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Does the Labour Market in Spain reflect current British trends? Can we account for any similarities and differences?

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Introduction

Does the Labour Market in Spain reflect current British trends? Can we account for any similarities and differences? Many British labour trends are currently being reflected in Spain. However, there are many differences, which will be considered in the essay. Spain has an unemployment rate of 14.2%, one of the highest in the European Union (EU), where as UK's unemployment rate is 5.5%. Aznar's model for these changes are the measures introduced by Prime Minister Tony Blair in Britain. Labour markets need to be "flexible" to adapt to a higher intensity of workers and job flows. On 15 July, unemployment in Britain fell to its lowest rate since 1975. The number of people out of work and claiming welfare benefits dropped in June 5.6 percent. Prime Minister Tony Blair welcomed the figures, saying one million more people were now in work than when Labour comes to office in 1997. It was now "possible for the first time in a generation to talk about full employment in Britain," he said. The fall in unemployment was achieved by forcing people off welfare benefits and into low-wage, temporary jobs. This has been a central part of Labour's "Welfare to Work" scheme, which Blair hailed as ending the "something for nothing" society by "getting people off benefits into work". Modelled along the lines of US workfare programmes, the New Deal was initially targeted at the young unemployed ages 18 to 24 years and the long-term jobless. There has been an increase in the number of temporary and part-time jobs, often replacing full-time permanent positions. ...read more.

Middle

In contrast, Britain's youth unemployment rate is 15%, almost half of Spain's youth unemployment rate. Fig 10: Youth jobless rate in Spain. As seen on fig 11, after hitting more than 42% in 1996, the youth jobless rate slipped back under the 30% mark in 1999. In effect, the labour force has increased. In terms of future employment in Spain, fixed-term contracts are significantly less important than permanent contracts. This is due to their much shorter duration, which accounts for just 2% of that of permanent contracts. In contrast, Britain encourages for fixed-term contracts. We can account for many similarities between the labour trends in the UK and Spain. These include, a change in the nature of jobs available, with an increase in the number of women employed, against a decrease in male employment. Moreover, a significant increase in part time and self-employment is linked to continued increase in flexible working methods, including teleworking. A good example of this similarity would be Blair and Aznar's joint statement earlier this month, published in the Financial Times and El Mundo, outlining their common stance on the deregulation and liberalisation of industry.(3 Both leaders played a major part in orchestrating the EU's pledge at the Lisbon summit in March to copy US-style labour market flexibility. As far as the differences are concerned, these include the vast contrast in the unemployment rates between those two countries, and that Spanish enterprises, require six to nine months of preparatory legal work before they are ready to open for business, whereas in Britain a company can be established in half a day. ...read more.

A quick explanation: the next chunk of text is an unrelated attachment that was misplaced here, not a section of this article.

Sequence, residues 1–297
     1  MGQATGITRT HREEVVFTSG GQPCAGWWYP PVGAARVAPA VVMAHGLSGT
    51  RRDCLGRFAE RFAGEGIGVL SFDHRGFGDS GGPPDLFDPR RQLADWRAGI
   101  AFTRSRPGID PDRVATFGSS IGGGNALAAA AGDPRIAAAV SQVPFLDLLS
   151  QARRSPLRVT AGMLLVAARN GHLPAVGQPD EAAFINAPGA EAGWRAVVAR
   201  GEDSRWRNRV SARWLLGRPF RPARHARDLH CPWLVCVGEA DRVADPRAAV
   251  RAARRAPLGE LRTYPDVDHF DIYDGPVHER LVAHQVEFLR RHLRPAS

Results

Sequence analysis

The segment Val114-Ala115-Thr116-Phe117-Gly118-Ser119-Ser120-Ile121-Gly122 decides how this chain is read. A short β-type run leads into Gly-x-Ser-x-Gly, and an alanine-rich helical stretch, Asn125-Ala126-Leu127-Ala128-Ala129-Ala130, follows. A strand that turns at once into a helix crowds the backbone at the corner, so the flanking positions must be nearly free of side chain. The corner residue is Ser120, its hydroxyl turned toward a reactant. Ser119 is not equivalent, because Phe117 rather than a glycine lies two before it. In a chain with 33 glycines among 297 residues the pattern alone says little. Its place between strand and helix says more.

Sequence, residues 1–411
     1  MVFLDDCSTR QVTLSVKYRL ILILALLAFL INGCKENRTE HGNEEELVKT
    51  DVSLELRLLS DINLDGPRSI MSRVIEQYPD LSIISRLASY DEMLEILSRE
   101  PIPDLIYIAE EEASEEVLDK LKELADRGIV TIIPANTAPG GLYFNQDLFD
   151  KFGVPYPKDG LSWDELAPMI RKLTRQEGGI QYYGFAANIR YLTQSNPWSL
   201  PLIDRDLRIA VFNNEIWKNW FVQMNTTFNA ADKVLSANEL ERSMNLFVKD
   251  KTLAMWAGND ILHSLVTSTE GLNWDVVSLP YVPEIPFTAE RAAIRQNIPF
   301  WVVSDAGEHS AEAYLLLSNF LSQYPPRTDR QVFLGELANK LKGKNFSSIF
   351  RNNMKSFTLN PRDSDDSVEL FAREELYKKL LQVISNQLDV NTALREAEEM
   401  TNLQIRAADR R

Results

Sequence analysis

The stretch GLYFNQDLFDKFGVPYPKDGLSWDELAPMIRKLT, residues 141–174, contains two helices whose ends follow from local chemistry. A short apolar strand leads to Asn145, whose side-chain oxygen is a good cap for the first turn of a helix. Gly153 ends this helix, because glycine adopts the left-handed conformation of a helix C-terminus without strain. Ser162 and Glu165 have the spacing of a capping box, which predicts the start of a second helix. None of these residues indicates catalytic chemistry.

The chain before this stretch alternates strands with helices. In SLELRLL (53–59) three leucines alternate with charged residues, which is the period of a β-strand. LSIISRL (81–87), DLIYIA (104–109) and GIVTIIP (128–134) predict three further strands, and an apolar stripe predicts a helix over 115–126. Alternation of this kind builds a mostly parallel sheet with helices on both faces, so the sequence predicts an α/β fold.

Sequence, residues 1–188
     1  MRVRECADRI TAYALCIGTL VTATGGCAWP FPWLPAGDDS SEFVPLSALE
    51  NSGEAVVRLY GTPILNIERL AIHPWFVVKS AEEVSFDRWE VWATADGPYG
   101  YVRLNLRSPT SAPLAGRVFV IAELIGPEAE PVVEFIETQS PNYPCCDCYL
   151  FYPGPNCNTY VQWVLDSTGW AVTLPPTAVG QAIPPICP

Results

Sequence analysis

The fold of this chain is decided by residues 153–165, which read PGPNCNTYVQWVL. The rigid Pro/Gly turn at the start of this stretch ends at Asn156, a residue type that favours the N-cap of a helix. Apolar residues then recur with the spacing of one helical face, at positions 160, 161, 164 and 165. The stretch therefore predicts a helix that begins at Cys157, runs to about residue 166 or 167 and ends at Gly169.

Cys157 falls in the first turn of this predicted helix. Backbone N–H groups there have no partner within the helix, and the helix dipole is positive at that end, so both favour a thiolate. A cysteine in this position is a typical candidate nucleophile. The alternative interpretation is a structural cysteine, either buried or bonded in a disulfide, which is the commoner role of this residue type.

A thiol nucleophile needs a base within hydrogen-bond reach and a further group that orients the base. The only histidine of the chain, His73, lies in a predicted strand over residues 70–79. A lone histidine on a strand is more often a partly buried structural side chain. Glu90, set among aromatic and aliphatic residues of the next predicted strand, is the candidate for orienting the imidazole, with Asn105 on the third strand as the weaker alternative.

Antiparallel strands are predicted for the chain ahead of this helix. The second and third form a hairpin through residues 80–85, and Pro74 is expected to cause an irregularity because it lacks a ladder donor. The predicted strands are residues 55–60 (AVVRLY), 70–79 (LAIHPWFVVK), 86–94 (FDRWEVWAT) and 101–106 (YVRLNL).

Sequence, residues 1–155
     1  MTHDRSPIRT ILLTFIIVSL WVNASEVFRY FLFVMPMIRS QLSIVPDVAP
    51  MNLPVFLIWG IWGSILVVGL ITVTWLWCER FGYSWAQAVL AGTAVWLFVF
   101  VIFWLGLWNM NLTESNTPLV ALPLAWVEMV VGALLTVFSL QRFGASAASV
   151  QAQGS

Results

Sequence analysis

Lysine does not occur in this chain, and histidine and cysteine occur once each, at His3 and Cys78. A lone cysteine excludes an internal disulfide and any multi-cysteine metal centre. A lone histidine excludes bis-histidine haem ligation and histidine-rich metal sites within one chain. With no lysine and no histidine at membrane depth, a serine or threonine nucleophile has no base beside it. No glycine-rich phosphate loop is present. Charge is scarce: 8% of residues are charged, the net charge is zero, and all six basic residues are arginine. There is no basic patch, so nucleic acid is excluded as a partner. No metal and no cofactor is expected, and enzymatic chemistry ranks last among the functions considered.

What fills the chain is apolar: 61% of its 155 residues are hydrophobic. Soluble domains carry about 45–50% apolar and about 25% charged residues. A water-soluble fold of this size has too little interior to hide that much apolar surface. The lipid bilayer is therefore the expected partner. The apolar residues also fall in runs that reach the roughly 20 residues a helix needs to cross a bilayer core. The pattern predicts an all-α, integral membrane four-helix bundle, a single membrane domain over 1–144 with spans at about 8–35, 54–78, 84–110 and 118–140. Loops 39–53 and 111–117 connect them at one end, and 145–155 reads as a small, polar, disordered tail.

Conclusion

Both leaders played a major part in orchestrating the EU's pledge at the Lisbon summit in March to copy US-style labour market flexibility. Blair is keen to encourage Aznar's liberalising zeal to answer complaints of heavy-handed regulation within the EU by the Eurosceptics inside his own party and within the British political establishment generally. For his part, Aznar has used the relationship with Blair to strengthen his image at home and to increase Spain's political weight within the EU. Aznar has demanded that Spain be given parity with the "Big Four"-Germany, France, Britain and Italy-in an enlarged European Union. At present, the four control ten votes each in the Council of Ministers, compared with Spain's eight. The government is concerned that Spain will lose funding and be marginalised when poorer countries from central and Eastern Europe are admitted to the EU. Aznar argued: "If we are creating more than half the employment in Europe, if we have liberalised markets faster than anywhere else, if we have balanced our budget and lowered taxes-then I think that Spain has the right to a greater say." Most of all, the assertion of the Anglo-Iberian alliance is designed as a counterweight to the Franco-German axis. The German and French governments recently voiced their intentions to create a "core" group within the EU, which, under their leadership, would help speed European integration. In their joint statement, Blair and Aznar warned, "some of us may wish to go a bit further a bit faster on political reform, but all must respect rules and procedures of the Union. There can be no second class citizens in Europe." Copyright 1998-2000 (1 See appendix 1: "Employment Boom For Women". (2 See appendix 2: "Spain Has Changed" (3 See appendix 3: Mamta. Sadhwani Module 1 Page 1 ...read more.

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